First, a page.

Secretary of State Colin Powell talks about the effects of racism in an excerpt from his autobiography My American Journey. However, only this piece is chosen out of the biography, most likely leaving out parts about the real effects and issues of racism he dealt with. This forces readers to believe nothing exceptionally racist ever happened to Powell, or that he ever really felt severely discriminated against.
Colin Powell graduated from the City College of New York with a degree in geology, where he participated in ROTC. He then went on to serve the Army for thirty-five years. In this excerpt Powell wrote about a specific time during his army years when he had to go down south to Georgia for the first time. He wrote about what he was allowed to do as a black man in public. “I could go into a department store and they would take my money, as long as I did not try to use the men’s room. I could walk along the street, as long as I did not look at a white woman..”(11) There is never any indication of what would happen if he did look at a white woman, or use the men’s room. He only states what he couldn’t do, never saying anything about what effect would occur.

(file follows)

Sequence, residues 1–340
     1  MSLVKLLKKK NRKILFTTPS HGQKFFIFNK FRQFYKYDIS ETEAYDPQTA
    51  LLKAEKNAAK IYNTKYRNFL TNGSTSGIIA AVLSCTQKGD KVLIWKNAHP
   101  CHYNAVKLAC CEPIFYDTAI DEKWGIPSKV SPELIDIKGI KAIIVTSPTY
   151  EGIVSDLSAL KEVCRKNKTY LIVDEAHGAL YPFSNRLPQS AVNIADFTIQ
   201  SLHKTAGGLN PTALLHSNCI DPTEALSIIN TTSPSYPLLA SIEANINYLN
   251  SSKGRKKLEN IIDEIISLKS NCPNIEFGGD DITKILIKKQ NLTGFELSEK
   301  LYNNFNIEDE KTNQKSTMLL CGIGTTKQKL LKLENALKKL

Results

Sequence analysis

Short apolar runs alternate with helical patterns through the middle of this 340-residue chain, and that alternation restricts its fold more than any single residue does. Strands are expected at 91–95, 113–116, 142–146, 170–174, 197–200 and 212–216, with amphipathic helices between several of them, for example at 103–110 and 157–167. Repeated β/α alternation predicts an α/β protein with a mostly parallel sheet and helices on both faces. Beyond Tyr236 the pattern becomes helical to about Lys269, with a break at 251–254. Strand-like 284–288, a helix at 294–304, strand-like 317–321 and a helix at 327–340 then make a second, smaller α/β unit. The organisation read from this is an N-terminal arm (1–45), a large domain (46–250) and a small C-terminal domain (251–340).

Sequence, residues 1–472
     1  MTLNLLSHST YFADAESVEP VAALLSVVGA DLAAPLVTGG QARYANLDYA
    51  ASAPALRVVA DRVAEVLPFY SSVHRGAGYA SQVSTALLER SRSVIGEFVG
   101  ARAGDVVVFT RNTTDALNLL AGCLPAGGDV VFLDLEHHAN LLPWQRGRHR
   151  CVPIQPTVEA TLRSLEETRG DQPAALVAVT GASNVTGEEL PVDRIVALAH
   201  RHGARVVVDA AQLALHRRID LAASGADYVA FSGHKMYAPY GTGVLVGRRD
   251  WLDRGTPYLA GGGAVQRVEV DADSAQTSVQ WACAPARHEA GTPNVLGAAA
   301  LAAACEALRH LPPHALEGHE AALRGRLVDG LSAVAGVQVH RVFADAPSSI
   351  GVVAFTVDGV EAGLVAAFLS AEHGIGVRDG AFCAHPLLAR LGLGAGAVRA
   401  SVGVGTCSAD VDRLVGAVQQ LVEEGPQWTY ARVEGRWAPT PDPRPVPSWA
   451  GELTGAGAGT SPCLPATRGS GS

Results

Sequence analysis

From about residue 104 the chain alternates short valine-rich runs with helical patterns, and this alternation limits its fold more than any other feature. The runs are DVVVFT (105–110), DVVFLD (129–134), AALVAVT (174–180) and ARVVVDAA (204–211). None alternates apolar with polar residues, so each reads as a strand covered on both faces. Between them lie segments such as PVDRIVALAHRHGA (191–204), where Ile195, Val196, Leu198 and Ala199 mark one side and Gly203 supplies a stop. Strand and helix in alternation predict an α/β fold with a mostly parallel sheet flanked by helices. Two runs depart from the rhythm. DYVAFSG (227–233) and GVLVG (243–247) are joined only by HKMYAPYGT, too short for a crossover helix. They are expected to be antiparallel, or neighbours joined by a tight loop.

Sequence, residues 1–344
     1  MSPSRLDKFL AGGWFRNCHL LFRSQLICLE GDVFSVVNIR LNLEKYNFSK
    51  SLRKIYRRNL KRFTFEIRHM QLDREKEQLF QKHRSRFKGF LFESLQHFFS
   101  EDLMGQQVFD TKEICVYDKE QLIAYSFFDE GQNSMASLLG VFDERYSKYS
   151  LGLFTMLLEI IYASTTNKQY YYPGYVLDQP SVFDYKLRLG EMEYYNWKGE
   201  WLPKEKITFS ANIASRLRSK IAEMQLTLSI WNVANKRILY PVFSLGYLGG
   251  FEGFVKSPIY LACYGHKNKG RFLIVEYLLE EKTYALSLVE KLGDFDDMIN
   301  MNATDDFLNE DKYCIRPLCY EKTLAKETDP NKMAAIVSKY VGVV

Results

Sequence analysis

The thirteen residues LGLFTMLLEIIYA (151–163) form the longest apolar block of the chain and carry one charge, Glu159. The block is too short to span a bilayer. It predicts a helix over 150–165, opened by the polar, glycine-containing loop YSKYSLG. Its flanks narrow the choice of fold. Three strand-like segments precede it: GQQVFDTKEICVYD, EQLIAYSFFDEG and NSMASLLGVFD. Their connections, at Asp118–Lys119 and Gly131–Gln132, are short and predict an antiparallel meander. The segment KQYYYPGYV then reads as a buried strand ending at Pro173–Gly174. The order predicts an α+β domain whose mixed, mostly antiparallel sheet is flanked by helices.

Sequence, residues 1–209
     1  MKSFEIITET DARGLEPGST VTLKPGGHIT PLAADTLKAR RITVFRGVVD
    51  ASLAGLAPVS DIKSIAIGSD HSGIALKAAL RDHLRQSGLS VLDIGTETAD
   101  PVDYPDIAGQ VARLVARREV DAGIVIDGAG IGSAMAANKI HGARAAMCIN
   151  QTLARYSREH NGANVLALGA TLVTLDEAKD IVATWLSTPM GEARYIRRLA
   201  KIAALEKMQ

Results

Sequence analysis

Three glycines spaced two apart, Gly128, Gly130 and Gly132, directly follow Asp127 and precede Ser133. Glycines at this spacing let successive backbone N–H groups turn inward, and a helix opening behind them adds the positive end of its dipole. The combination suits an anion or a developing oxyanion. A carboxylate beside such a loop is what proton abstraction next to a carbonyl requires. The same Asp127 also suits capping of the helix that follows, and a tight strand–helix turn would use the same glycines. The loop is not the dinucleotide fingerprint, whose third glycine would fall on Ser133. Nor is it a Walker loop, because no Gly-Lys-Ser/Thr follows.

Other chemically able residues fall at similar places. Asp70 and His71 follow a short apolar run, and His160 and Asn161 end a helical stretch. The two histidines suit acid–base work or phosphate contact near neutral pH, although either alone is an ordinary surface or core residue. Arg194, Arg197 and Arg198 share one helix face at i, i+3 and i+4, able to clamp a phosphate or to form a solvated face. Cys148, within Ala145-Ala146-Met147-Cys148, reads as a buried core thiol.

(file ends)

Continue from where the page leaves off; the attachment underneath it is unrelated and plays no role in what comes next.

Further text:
Also, Powell went to a drive-in hamburger place one night, and a waitress... [continues]
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